Lupe Hodge. Patio. November 14th , 2017.
Next, measure and mark the region that you will be paving. Allow an extra 6-8 inches beyond the furthest dimensions of the patio to provide a firm base for the entire area of pavers and to allow for minor adjustments during the laying and cutting in of the pavers. Place stakes at the edges of the markings and attach a string line to the stakes at the final height.
You can also run to the store and buy holiday decorations, like wreaths and outdoor holiday lights. LED lights are always a good choice because they are so energy-efficient. You don't have to get too Christmas-y for them to look good either. A few strands of simple white lights are enough to make any outdoor living space look elegant. There's a fine line between nice and overdone. Be sure to be reasonable about the amount of lights you use.
An alternative to a complete awning is a shade sail. Shade sails can be custom made to any size you require, or you can combine a number of smaller ones to cover a larger area (the solution you choose will depend partly on your site, and partly on your budget). Shade sails work by a tension system - the sails, often triangular in shape, are anchored to tension points which may be attached to the walls of the dwelling or to the tops of poles sunk into the ground. They have the advantage of being portable: if you sell your home, you can move the sail to your new home and reinstall it for the price of new tension points.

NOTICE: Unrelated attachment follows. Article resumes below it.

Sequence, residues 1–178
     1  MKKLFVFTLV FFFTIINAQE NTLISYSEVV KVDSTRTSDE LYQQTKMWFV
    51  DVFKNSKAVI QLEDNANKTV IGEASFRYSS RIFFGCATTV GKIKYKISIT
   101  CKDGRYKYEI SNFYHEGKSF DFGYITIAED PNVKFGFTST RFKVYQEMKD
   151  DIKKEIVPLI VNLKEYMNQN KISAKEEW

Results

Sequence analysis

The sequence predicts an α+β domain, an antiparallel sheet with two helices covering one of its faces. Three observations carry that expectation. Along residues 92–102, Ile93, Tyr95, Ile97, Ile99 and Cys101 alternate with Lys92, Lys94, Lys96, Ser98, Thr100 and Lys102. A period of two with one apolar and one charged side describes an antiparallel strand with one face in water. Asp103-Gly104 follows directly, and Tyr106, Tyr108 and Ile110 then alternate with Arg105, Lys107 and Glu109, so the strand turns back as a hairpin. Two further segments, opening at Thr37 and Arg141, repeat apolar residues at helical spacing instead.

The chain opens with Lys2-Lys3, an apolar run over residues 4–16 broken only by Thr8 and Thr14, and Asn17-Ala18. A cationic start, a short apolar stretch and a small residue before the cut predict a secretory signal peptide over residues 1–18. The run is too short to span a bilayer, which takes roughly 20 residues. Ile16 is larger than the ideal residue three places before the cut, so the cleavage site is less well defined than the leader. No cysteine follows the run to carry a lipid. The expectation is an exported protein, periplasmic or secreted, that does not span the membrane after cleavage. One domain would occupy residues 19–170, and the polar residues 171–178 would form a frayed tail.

Another type of patio heater uses natural gas. This is ideal because it probably will be the cheapest to operate and you don’t have to worry about it running out of fuel, that is unless there is a major earthquake near you and gas lines erupt. Of course, if that’s the case, running your patio heater is not the main concern then, or at least I hope it’s not. But then, if you make the choice to go with a natural gas operated patio heater, you lose the flexibility of placing the heater at different places depending on a particular function.
Poinsettias are in season and their vibrant red, white or pink hues, combined with their green leaves, are enough to add color to any gray and dismal outdoor area. Go to your local supermarket or nursery and stock up on a few of these plants. You can keep them in containers or plant beds outside, but bring them back inside or cover them up if the outdoor temperatures get extremely cold or if a freeze is expected. Be sure to keep them away from pets though. Poinsettias are only mildly toxic to animals, but it's better safe than sorry!
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